Folks who travel and move around a lot, or would like to do so.
"Where are you from?" …. "Where is home?" …. arrrggggh!!!!
December 21, 2014 at 4:58 am #4136KaiParticipant
How do you all deal with that question?
After an endless number of awkward introductions where the other person thought it was a good idea to pop this question, I’ve realized that the only marginally acceptable way to answer without causing awkwardness (because the other person realistically expect a single answer and a giant list will break the conversation flow, among other things) is “a bit of everywhere”, or “all over”.
And recently there’s an even more annoying variation of the question: “Aren’t you going home for Christmas?” To which I want to say, “Define home for me please?”
Arrrghhh!!! People who just expect that everyone has a simple geographical history. Why.December 21, 2014 at 10:08 am #4137AnonymousInactive
Hahaha definitely! I now say “from nowhere” or only “well it’s a bit complicated”. And then the usual questions follow up: what do your parents do as a job, what was your favourite country, how many languages can you speak, bleh.
Although saying I’m going home for Christmas seems easier, as it personally means leaving for your parents’ home to join your close family 🙂
I do agree it is quite interesting to see that they need to put us in a category! I just love meeting third culture kids, when I ask them where they’re from and they start getting confused, I just go straight to the point: “you’re a global nomad as well, aren’t you?” 🙂December 21, 2014 at 2:01 pm #4140Raell5Spectator
Yup, typical problems of Third Culture Kids. I tell the Thai here that I’m not from anywhere. If they insist, I say I am an American who was born in Haiti. If a Caucasian here in Thailand asks, that person is also a wanderer, so I might add a bit more, if asked. I also ask them about their travels, though.
I got super tired of people asking me if I’m going “home” for Christmas, but now I just say, “No” and ask where they’re going to go. My parents passed away in 2008, my siblings are scattered from Bethel, Alaska to New York state, I have a daughter in Kentucky and a son in LA. Where I lived in the USA has been sold and gone for years.
I can relate to the Third Culture Kids website:
You know you’re a TCK when …
– “Where are you from?” has more than one reasonable answer.
– You’ve said that you’re from foreign country X, and (if you live in America) your audience has asked you which US state X is in.
– You flew before you could walk.
– You speak two languages, but can’t spell in either.
– You feel odd being in the ethnic majority.
– You have three passports.
– You have a passport but no driver’s license.
– You go into culture shock upon returning to your “home” country.- Your life story uses the phrase “Then we moved to…” three (or four, or five…) times.
– You wince when people mispronounce foreign words.
– You don’t know whether to write the date as day/month/year, month/day/year, or some variation thereof.
– The best word for something is the word you learned first, regardless of the language.
– You get confused because US money isn’t colour-coded.
– You think VISA is a document that’s stamped in your passport, not a plastic card you carry in your wallet.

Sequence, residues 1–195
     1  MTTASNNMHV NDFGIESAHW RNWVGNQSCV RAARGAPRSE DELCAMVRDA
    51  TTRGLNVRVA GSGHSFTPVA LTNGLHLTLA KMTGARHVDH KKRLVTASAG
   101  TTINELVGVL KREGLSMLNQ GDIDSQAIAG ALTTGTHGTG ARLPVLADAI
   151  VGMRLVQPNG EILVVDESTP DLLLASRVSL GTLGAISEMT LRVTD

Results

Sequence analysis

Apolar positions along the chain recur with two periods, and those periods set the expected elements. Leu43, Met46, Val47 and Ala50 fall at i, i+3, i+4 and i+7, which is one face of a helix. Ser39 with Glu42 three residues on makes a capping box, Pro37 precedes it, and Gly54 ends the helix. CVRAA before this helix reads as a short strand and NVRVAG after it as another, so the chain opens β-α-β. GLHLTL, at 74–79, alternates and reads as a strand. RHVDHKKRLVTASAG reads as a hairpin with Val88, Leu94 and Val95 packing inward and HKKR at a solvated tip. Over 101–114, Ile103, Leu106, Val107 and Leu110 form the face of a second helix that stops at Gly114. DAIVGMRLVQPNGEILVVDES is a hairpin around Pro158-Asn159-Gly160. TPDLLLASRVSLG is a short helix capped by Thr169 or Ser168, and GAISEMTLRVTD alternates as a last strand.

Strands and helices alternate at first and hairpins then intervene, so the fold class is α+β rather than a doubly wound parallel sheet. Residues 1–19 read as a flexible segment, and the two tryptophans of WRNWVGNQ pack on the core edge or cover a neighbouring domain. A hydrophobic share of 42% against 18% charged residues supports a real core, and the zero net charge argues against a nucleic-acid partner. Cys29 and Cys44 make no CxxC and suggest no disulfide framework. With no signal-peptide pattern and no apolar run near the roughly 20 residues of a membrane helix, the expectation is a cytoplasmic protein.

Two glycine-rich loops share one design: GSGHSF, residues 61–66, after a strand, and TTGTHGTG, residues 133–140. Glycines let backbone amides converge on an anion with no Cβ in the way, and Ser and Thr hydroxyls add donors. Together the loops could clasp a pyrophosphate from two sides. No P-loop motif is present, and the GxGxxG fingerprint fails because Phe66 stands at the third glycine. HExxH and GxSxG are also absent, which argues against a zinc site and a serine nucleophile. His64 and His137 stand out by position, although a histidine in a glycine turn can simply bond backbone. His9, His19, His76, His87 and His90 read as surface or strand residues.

– You own personal appliances with 3 types of plugs, know the difference between 110 and 220 volts, 50 and 60 cycle current, and realize that a trasnsformer isn’t always enough to make your appliances work.
– You fried a number of appliances during the learning process.
– You think the Pledge of Allegiance might possibly begin with “Four-score and seven years ago….”- Half of your phone calls are unintelligible to those around you.
– You believe vehemently that football is played with a round, spotted ball.
– You consider a city 500 miles away “very close.”
– You get homesick reading National Geographic.
– You cruise the Internet looking for fonts that can support foreign alphabets.
– You think in the metric system and Celsius.
– You may have learned to think in feet and miles as well, after a few years of living (and driving) in the US. (But not Fahrenheit. You will *never* learn to think in Fahrenheit).
– You haggle with the checkout clerk for a lower price.
– Your minor is a foreign language you already speak.- When asked a question in a certain language, you’ve absentmindedly responded in a different one.
– You miss the subtitles when you see the latest movie.
– You’ve gotten out of school because of monsoons, bomb threats, and/or popular demonstrations.
– You speak with authority on the subject of airline travel.
– You have frequent flyer accounts on multiple airlines.
– You constantly want to use said frequent flyer accounts to travel to new places.
– You know how to pack.
– You have the urge to move to a new country every couple of years.
– The thought of sending your (hypothetical) kids to public school scares you, while the thought of letting them fly alone doesn’t at all.
– You think that high school reunions are all but impossible.
– You have friends from 29 different countries.
– You sort your friends by continent.
– You have a time zone map next to your telephone.
– You realize what a small world it is, after all.April 5, 2015 at 1:36 am #25981VirginiaParticipant
Army Brat. I always answer the where are you from with: everywhere and no where. Or do you mean where I was born or where I lived the longest or the place I loved the most? Only place that feels even close to home is a military post/base. LoLApril 12, 2015 at 3:52 am #26001Raell5Spectator
I hear you!September 24, 2015 at 6:09 am #26659Elizabeth SharpSpectator
I am a TCK too. I get it all. And relationships are the hardest. lols. This is halarious!
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